“The monsoon at least this year, seems to be on time. We are an agro-based economy by large, and to that extent, it augurs well…We look forward to stability of demand and hopefully better growth,” Narayanan told PTI.
According to a PTI report: The India Meteorological Department (IMD) has predicted an average monsoon this year, which has already hit the Indian coast.
While, referring to the recent big ticket investments in e-commerce space, he said this channel would improve and grow further in coming years.
“We welcome the opening of newer channels… Together with the strengthening of backward linkages into the agrarian economy, we should see improvement in the over all pace of business and also the contribution to the business,” Narayanan was quoted by PTI as saying.
Nestle India, which has crossed Rs 10,000 crore sales in 2017, would continue to pursue its growth here with expansion of product portfolio, he added.
“Growth would come from existing and new portfolio,” he told PTI.
The company, which had suffered setback after a five-month ban on its popular instant noodles Maggi in 2015, has introduced several new products in food and chocolates and confectioneries categories. It has also pulled back some of them after evaluation.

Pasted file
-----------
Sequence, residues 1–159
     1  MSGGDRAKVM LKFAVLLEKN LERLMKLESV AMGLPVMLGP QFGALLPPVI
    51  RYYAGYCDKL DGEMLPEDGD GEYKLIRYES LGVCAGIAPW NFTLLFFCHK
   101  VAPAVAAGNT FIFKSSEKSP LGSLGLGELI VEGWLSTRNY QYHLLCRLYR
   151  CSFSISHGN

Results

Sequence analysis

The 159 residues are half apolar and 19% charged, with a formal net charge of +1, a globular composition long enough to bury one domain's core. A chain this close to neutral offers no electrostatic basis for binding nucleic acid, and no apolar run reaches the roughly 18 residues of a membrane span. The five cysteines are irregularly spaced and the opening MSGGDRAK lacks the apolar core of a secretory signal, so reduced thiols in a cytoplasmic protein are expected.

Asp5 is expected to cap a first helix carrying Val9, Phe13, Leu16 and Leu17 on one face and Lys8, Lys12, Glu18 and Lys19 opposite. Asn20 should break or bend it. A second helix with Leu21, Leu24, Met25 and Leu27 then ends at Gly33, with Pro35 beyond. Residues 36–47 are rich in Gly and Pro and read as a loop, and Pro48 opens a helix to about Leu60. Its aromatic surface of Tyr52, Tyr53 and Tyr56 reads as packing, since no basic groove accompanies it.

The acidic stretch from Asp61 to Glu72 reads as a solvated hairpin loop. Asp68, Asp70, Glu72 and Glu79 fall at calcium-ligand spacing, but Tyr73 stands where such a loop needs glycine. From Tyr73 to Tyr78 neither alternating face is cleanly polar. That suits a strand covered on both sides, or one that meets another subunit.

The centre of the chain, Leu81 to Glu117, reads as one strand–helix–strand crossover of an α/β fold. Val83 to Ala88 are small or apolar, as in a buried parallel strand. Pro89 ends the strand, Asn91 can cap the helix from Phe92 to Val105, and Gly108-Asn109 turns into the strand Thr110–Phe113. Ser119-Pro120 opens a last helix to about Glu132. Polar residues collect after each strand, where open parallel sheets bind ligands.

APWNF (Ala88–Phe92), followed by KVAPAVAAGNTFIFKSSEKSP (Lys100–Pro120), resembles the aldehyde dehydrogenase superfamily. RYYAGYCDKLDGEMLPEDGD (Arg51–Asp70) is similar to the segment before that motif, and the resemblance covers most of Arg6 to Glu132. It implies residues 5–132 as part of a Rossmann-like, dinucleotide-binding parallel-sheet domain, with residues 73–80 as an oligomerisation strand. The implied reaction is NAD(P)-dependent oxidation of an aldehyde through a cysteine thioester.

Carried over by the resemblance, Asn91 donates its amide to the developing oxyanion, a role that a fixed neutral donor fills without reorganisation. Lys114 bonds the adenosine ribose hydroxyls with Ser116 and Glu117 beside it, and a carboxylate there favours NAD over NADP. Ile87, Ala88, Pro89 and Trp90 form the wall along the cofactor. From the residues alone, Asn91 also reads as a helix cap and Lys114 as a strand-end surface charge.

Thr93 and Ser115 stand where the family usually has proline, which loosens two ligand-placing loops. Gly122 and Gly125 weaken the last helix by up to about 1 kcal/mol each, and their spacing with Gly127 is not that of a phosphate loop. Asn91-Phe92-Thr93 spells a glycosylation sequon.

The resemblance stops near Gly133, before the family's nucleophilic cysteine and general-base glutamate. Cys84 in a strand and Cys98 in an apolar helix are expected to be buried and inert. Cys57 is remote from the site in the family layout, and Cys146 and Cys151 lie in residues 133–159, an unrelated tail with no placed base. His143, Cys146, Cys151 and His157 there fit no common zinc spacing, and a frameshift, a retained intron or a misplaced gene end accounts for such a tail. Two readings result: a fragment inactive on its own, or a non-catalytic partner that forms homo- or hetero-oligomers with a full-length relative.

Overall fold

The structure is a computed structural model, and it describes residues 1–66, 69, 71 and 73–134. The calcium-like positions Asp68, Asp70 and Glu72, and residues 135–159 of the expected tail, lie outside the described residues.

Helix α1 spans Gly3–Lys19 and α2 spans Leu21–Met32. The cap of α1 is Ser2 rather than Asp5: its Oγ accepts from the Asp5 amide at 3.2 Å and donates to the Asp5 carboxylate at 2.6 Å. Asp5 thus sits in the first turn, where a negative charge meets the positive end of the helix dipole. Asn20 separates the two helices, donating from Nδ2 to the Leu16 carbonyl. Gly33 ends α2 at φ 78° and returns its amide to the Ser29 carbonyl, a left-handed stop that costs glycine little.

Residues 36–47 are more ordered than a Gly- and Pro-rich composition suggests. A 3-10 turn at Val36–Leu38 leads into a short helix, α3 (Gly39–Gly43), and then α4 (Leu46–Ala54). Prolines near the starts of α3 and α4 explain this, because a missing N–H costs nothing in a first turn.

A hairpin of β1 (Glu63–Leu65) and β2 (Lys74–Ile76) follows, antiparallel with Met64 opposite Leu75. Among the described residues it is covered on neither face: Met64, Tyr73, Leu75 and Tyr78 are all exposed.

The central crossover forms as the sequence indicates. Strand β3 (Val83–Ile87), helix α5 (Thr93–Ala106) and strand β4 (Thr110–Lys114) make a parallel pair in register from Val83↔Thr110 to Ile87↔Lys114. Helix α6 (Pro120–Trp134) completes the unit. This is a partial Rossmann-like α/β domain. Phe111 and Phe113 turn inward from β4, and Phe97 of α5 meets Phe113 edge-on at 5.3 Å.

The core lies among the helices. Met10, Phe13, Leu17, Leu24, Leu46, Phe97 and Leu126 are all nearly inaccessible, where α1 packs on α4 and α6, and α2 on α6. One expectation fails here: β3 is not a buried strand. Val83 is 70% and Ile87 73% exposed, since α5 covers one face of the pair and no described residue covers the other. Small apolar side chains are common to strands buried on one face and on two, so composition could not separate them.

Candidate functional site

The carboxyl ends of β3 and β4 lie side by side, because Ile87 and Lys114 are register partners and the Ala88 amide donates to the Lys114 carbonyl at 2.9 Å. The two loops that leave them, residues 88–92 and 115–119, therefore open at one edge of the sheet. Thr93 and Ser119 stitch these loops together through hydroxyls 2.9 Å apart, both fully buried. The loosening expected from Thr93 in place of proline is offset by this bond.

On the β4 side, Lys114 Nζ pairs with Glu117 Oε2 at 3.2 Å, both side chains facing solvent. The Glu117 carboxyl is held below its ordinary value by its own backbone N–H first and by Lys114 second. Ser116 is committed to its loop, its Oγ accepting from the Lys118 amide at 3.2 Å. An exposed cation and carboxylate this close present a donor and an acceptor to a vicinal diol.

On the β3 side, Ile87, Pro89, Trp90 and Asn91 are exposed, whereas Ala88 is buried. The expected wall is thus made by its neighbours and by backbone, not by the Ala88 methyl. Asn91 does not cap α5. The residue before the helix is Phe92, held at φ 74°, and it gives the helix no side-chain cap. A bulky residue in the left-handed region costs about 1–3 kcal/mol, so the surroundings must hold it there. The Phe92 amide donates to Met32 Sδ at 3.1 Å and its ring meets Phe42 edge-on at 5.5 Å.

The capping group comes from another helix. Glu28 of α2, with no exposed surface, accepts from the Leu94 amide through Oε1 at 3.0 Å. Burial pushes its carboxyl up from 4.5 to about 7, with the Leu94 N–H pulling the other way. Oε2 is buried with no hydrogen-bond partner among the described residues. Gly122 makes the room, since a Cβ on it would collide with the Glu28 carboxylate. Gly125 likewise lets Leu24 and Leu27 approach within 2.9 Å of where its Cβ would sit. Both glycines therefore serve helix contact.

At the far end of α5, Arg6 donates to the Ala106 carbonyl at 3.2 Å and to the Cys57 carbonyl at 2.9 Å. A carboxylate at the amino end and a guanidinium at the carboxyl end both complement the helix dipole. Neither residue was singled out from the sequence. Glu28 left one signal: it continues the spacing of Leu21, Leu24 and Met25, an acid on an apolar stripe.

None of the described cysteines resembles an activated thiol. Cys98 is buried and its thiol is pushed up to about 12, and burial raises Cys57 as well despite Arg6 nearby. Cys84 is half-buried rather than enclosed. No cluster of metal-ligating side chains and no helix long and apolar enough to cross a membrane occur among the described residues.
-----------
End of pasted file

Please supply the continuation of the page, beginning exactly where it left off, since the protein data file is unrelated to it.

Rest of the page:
“It’s an ongoing programme, we are consistently trying to evaluate our products and I am happy to say about a fifth of our growth is coming from new products,” he was further quoted by PTI as saying.
On upcoming products, he said that Nestle has already announced the launch of breakfast cereals, which would be a significant move.
“Now we have secular growth across categories and that is something we would like to continue,” he further told PTI.
Maggi now has around 60 per cent market share of the instant noodles segment.
“We are at little over 60 per cent of the market share and I think we have got a healthy traction of the business. New innovations have seen good responses and I am happy with the progress which has been made with so far,” Narayanan told PTI.
Maggi commanded a market share of around 75 percent prior to the five-month ban in 2015.
On being asked whether Nestle would be able to cross that figure in the future, he said, ambition is always there and we are trying to get as close as possible to where we were.